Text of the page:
Allan, now 82, hops excitedly from tale to tale as the stories continue to come back to him. He casts his mind back to a time covering the league’s Washington franchise, at which point future Super Bowl champion quarterback Joe Theismann was striving to make his way as back-up to both Sonny Jurgensen and Billy Kilmer.
“All three of their lockers were right next to each other, but all of the media wanted to talk to Sonny or Billy, they were all crowded around their lockers and Joe didn’t even have any room to dress,” he explains.
“I told him ‘Hang in there, Joe, one of these days all of this will be yours!’ and he kind of laughed about it.”
Years later, Theismann would guide Washington to victory over Don Shula’s Miami Dolphins at Super Bowl XVII at the Rose Bowl in Pasadena, California in 1983.
“Joe was there and I got in touch with him,” Allan continues. “I said Joe ‘Ken Allan, American Forces Radio, do you remember me from Washington?’. And he kind of had a quizzical look on his face.
“I’m the guy who was next to your locker and said ‘Hang in there, this will all be yours!’, and then he had a big smile on his face and replied ‘I do remember that!’.
Allan jumps to a memory from Super Bowl 27 in 1993, when Jimmy Johnson’s Dallas Cowboys defeated the Buffalo Bills 52-17. It was there where he experienced a frosty exchange with Dallas owner Jerry Jones, who, without explanation, openly blanked Allan’s question during a pre-game press conference.
“I thought ‘what is all that about?’, I don’t really remember the question I asked.”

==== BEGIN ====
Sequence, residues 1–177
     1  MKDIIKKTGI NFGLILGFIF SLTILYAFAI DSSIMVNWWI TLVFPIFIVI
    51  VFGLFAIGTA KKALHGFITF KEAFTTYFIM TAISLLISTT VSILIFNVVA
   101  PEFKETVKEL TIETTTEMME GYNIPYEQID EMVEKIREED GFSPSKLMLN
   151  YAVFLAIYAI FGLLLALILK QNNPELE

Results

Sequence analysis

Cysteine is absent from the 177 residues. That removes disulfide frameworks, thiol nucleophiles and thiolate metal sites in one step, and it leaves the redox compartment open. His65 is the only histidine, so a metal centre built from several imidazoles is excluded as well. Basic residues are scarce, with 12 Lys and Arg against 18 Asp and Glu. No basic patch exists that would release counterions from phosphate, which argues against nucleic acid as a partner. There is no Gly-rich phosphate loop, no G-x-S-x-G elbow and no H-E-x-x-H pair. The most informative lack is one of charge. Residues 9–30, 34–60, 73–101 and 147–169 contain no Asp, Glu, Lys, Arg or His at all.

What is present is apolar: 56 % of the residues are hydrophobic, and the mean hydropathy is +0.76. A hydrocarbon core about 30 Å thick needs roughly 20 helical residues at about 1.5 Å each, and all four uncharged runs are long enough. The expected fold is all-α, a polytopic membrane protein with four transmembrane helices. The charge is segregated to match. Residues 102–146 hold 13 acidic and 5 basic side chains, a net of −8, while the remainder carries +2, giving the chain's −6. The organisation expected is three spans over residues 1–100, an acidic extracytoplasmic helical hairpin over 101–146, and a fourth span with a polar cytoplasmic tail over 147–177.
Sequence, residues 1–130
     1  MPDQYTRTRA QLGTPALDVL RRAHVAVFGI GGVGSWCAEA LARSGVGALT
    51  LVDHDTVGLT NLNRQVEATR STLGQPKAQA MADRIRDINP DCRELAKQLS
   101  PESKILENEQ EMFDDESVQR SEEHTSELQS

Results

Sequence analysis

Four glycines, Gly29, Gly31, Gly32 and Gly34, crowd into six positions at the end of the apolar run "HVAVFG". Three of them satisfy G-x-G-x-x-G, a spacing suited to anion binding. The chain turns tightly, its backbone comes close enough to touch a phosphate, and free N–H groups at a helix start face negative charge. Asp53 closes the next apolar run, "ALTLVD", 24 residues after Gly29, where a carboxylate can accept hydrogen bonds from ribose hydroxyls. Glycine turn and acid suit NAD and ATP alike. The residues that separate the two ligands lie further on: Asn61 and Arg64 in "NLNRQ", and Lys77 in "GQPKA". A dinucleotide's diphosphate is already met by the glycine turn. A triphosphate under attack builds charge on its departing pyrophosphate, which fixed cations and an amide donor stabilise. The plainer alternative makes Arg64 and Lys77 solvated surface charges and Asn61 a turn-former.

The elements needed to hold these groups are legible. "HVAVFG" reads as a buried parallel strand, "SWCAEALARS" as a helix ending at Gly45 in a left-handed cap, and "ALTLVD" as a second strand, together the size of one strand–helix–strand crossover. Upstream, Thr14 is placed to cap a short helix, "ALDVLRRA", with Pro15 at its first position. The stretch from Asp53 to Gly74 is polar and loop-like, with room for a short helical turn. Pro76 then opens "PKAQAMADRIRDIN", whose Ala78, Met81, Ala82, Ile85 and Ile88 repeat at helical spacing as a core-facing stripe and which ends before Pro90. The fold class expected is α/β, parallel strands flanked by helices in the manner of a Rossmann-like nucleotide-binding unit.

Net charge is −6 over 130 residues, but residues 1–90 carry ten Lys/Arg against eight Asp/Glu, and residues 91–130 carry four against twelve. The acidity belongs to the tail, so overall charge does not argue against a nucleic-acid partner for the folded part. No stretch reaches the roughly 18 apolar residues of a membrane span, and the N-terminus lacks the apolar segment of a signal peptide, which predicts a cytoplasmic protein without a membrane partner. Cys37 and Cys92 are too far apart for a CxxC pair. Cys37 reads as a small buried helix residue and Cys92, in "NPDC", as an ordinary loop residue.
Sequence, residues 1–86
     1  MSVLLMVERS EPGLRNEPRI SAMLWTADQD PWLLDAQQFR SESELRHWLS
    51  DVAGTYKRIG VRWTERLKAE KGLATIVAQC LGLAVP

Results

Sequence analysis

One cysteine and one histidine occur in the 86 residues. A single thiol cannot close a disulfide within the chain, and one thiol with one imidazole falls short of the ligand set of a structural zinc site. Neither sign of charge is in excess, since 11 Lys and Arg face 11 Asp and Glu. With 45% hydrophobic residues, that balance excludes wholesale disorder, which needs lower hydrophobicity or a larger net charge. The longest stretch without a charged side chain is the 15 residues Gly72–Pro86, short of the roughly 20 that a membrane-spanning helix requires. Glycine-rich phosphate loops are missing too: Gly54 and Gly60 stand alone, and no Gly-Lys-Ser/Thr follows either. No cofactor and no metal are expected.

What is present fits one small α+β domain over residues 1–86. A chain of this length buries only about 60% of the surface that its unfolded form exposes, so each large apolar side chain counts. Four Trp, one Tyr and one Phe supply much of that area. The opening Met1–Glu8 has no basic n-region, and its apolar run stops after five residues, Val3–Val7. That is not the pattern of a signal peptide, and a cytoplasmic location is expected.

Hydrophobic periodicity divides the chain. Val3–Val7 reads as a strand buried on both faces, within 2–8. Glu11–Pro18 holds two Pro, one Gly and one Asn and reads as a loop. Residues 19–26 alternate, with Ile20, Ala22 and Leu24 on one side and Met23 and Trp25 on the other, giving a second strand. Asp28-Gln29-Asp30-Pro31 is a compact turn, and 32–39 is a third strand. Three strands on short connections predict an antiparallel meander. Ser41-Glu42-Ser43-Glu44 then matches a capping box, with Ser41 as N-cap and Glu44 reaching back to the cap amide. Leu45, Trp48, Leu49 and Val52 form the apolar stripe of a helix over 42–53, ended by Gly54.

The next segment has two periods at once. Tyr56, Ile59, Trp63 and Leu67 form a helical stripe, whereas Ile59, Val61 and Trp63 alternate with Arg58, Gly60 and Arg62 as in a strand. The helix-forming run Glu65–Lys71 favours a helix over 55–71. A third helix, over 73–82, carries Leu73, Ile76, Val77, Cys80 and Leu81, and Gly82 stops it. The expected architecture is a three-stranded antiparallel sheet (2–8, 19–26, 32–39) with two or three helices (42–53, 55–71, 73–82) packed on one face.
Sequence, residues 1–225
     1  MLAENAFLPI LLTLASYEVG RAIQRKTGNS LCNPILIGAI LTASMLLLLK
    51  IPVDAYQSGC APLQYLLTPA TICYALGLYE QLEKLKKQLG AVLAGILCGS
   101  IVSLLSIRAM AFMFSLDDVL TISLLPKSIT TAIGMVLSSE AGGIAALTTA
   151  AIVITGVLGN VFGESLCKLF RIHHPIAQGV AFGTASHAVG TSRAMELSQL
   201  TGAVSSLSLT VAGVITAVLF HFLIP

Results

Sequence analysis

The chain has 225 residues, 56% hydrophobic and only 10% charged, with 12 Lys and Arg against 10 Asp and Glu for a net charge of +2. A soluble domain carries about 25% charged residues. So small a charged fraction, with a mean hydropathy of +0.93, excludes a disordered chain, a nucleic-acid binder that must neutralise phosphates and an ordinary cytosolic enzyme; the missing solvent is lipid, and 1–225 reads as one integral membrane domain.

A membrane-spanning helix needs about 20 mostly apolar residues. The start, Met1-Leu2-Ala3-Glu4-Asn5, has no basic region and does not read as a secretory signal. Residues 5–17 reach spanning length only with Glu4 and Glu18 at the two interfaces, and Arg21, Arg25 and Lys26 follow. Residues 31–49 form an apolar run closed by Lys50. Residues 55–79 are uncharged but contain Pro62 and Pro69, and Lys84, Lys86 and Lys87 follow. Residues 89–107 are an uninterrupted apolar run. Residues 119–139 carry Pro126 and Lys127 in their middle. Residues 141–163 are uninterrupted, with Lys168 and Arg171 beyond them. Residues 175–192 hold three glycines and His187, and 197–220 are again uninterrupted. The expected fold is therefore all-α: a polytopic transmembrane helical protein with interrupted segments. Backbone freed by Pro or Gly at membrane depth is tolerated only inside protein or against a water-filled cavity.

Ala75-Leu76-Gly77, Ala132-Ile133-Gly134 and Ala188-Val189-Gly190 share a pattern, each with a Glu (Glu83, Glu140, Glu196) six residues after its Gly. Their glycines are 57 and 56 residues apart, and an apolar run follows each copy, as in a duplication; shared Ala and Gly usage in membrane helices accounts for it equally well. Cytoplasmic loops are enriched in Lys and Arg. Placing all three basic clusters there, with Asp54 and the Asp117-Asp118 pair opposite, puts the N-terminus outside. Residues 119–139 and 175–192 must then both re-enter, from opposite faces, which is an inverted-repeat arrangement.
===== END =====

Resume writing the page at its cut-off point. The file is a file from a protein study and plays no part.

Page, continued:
Cue more stories.
On another occasion Allan was transported via helicopter down to Kaiserslautern in south west Germany to broadcast a Championship Baseball Game between the Army and Air Force. The flight visibility had been severely impaired such was the heavy run, Allan joking how he hoped there was nobody else flying in the other direction.
Upon landing they were greeted by an unplayable surface. Not unplayable for long, though.
“The field was all wet, but somehow they got several cans of gasoline and poured it all over the place, lit it up and then brought the helicopter in to fan the flames. And by golly they got that game played.”
Frankfurt holds a special place in the life of Allan. He spent time there with his college sweetheart wife of 56 years, who sadly passed away two years ago, and it was there where one of his two daughters was brought into the world.
He had been among the first to operate out of AFN’s new building next to Hessischen Rundfunks – the state of Hesse’s public broadcasting corporation – upon his arrival, with the station having previously been based at Von Brüning Castle for 20 years. What’s more, his time with AFN coincided in part with that of Bob Harlan, who served as the long-time programme director in Frankfurt; Harlan is notably the father to NFL announcer Kevin Harlan and grandfather to Sky Sports NFL’s Olivia Harlan Dekker.